Josef Schuetz, a 101-year-old former SS concentration camp guard, was sentenced on Tuesday to five years in prison by the court in Brandenburg an der Havel for murder. Schuetz was accused of complicity in the murder of 3,518 individuals within the Sachsenhausen concentration camp, north of Berlin.
“Mr. Schuetz, you were active for about three years in the Sachsenhausen concentration camp where you were an accomplice to the mass murders,” said Court President Udo Lechtermann. “You were aware that prisoners had been killed there. By your presence, you supported [it]. Anyone wanting to flee the camp was shot. Thus, any camp guard actively participated in these murders.”
The Simon Wiesenthal Center said on Monday that Schuetz’s attorney used “well-worn arguments against Nazi war crimes trials taking place at this late date in Germany. His client was not a high-ranking officer, others of higher rank were not prosecuted, and his identity was not proven beyond a doubt.”
Schuetz pleaded “not guilty” throughout the trial, which began last month.
Schuetz acted like the victim
According to the Wiesenthal Center’s Dr. Efraim Zuroff, “the real drama came from the accused, who cried as if he were the real victim and said that he had no connection to the crimes perpetrated in the camp. Not one word from him about the suffering and the tragedy of the prisoners.”
Schuetz is considered to be the oldest person to stand trial over participation in Nazi war crimes during the Holocaust.
"The real drama came from the accused, who cried as if he were the real victim and said that he had no connection to the crimes perpetrated in the camp."Dr. Epraim Zuroff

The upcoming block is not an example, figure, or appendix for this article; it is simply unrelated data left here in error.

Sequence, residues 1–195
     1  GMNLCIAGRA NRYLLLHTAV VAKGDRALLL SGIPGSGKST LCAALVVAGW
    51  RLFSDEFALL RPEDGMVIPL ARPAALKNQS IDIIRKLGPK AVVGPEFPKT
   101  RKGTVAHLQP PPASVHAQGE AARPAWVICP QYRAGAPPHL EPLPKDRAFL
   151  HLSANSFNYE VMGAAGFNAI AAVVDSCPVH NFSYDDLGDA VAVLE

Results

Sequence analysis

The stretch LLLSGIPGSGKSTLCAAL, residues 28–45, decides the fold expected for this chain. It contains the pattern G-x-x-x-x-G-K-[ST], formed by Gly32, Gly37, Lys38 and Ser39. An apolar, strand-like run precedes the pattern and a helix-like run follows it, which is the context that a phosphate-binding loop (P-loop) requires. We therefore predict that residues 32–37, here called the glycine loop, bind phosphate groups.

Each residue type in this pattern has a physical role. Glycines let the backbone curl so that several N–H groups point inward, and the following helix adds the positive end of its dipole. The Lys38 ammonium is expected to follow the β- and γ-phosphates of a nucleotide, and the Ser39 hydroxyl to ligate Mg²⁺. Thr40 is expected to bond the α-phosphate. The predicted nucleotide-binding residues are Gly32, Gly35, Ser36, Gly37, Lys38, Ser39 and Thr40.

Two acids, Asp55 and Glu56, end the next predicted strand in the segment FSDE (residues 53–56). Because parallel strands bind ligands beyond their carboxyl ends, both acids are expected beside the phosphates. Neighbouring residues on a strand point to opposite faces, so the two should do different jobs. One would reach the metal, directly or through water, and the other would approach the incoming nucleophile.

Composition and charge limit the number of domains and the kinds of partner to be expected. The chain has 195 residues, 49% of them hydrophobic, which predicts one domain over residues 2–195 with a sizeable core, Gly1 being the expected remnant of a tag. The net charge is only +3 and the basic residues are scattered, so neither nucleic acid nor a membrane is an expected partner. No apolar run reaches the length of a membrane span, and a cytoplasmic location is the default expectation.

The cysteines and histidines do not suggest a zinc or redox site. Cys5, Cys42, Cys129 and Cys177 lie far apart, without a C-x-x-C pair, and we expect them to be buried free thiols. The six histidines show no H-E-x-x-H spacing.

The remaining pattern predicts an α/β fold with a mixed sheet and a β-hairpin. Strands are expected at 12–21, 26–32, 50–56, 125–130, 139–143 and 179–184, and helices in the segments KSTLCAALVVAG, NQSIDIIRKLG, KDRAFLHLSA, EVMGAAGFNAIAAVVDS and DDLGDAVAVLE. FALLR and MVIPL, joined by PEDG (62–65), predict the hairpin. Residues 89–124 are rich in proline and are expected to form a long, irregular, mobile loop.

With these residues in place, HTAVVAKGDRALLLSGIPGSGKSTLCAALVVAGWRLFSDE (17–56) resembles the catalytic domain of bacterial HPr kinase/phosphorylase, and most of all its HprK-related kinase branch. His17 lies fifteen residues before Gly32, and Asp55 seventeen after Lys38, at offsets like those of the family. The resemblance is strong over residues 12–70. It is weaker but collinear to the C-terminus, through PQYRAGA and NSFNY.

The Sachsenhausen concentration camp, active between 1936 and 1945, was mainly a prison for political prisoners such as Joseph Stalin’s oldest son, and prime ministers from European countries and their families. Sachsenhausen had an active gas chamber and an area where medical experimentation took place. In 2009, 83-year-old Josias Kumpf was deported from Wisconsin back to Austria after it was known that he was an SS Guard at the Sachsenhausen and Trawniki camps.
Prosecuting former Nazis used to be more difficult
“I’m happy that he got the maximum sentence for service in an SS camp,” Zuroff said after leaving the courthouse on Tuesday.
He said that until 13 years ago, in order to prosecute former Nazi soldiers “you needed to prove it was a crime against a specific victim and that it was on racial background.” Zuroff said that “made it almost impossible to prosecute anyone.”
The law was changed, and since then, there have been many Nazi perpetrators who served in camps with a high mortality rate who were sentenced.
“The chances for him to sit in jail are slim because he is 101,” Zuroff said. “I want to see an element of punishment in addition to the verdict. The passage of time doesn’t diminish his actions. These trials help fight Holocaust denial and distortion.”